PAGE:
The US Centers for Medicare & Medicaid Services is reassuring oncology patient advocates that it is not changing its historic approach to coverage of medicines approved via the Accelerated Approval pathway.
CMS is facing bipartisan criticism for its restrictive coverage policy for beta amyloid targeted therapies to treat Alzheimer’s, which deems drugs approved via the Food & Drug Administration’s AA process to be eligible for coverage only in the context of clinical trials – a policy that essentially means there is no meaningful access for Medicare beneficiaries to Eisai Co., Ltd./Biogen, Inc.’s Leqembi (lecanemab), or the more controversial predecessor product Aduhelm (aducanumab). (Also see “Medicare And Alzheimer’s Drugs: Pressure To Relax Coverage Restrictions Rising Wtih Donanemab Data” – Pink Sheet, 7 May, 2023.)
In defending the policy during a House hearing at the end of April, CMS Administrator Chiquita Brooks-LaSure suggested that the agency does not accept FDA’s off-stated position that drugs granted Accelerated Approval are still “fully approved.” (Also see “Leqembi Coverage Expansion: US Medicare Head Promises Light Touch On Registry” – Pink Sheet, 1 May, 2023.)
That prompted a letter from Friends of Cancer Research seeking clarification on whether the agency has changed its view on the status of Accelerated Approval drugs. “We respectfully ask that CMS clarify its position on accelerated approvals, particularly how it applies to reimbursement of cancer drugs approved by FDA and/or included in clinical guidelines developed by subject matter experts,” the 2 May letter said.
“In your letter, you asked whether CMS has changed its approach to drugs and biologics approved by the FDA under the Accelerated Approval Program,” Brooks-LaSure responded May 9. “We have not,” she declared (with the emphasis included).
However, she went on to suggest an approach to Accelerated Approval that seems to imply that some uses of the pathway will indeed face more scrutiny than others.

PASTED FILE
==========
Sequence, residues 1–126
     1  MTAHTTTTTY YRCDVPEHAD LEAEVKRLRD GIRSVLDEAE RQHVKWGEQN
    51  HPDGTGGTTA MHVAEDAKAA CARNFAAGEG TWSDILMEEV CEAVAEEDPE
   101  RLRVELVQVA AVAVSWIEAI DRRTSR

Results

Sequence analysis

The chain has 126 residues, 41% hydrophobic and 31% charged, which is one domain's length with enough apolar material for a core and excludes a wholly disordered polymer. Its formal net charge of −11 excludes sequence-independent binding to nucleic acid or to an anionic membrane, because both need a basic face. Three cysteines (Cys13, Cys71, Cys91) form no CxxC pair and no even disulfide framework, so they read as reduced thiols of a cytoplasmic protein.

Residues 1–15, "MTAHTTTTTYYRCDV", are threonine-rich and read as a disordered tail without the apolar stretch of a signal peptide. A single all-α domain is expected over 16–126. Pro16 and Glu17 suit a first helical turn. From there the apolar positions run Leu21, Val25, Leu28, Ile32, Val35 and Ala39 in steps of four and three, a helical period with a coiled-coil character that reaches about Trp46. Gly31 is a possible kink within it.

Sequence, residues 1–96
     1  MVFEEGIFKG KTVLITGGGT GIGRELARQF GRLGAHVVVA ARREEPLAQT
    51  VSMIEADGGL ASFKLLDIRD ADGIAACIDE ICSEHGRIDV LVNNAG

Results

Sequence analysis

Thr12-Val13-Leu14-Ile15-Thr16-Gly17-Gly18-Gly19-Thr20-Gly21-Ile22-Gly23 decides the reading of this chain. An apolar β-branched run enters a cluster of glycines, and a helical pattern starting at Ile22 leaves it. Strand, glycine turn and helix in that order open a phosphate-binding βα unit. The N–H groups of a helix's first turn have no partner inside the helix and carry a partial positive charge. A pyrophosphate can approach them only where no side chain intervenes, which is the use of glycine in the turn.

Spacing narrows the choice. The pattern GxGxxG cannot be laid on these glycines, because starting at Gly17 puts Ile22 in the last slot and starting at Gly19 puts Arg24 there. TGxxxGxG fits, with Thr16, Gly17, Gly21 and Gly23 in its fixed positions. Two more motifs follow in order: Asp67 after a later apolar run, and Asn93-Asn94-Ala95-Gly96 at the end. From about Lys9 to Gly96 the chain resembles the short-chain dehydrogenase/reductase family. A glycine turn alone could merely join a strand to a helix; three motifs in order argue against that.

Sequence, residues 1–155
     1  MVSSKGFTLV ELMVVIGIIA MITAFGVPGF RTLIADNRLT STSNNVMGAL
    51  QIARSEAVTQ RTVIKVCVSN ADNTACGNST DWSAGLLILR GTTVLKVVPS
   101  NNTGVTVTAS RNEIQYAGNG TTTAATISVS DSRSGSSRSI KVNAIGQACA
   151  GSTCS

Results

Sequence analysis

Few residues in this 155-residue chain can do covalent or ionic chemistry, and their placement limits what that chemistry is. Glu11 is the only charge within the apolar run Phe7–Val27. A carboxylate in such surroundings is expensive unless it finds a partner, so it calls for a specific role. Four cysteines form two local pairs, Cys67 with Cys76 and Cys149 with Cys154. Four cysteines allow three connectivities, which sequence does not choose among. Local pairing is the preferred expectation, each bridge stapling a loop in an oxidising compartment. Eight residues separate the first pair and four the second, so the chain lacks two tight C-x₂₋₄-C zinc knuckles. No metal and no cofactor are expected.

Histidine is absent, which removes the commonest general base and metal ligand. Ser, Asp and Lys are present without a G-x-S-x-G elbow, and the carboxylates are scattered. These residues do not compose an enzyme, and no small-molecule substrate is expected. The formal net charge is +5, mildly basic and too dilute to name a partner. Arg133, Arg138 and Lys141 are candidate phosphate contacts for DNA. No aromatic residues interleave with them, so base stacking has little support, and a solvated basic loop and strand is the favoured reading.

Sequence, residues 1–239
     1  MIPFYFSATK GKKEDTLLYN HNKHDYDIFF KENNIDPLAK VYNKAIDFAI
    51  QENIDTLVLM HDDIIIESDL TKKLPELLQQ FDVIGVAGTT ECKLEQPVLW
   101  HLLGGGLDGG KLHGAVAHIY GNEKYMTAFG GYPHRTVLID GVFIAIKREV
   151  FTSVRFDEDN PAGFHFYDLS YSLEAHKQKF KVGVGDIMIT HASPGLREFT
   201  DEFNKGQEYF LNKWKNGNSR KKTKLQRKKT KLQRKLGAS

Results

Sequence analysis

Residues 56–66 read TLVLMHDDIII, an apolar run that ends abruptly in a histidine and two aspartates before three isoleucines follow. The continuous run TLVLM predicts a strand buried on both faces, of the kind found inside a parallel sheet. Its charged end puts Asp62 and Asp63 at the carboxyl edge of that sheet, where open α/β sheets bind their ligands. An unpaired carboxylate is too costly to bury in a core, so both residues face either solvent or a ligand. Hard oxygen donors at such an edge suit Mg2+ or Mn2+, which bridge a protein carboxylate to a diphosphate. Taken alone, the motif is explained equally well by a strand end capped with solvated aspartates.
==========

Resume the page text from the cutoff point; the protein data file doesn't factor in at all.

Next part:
“For many accelerated approval drugs for diseases like cancer or human immunodeficiency virus (HIV), there is an established scientific consensus that validated surrogate outcomes are indicators of health outcomes,” she wrote. “For example, with respect to cancer, there is scientific evidence as well as wide acceptance by clinicians of the association between shrinking tumors (surrogate outcome) and symptoms or overall patient survival in patients receiving such cancer drugs (health outcome).”
As a practical matter, FDA now views the surrogate endpoints for HIV as sufficient for “full” traditional approval; Accelerated Approval is not generally an option in that class any longer. (Also see “Accelerated Approval In The US: It Really Is Rare Outside Of Oncology” – Pink Sheet, 8 Sep, 2022.)
In oncology, “surrogates” like Progression Free Survival or response rates have also been used as the basis for “full” approval in some contexts.
Thus, while Brooks-LaSure’s message may be comforting in the field of oncology, it leaves open the prospect that future uses of novel surrogates like beta amyloid could trigger similar scrutiny from the payor agency.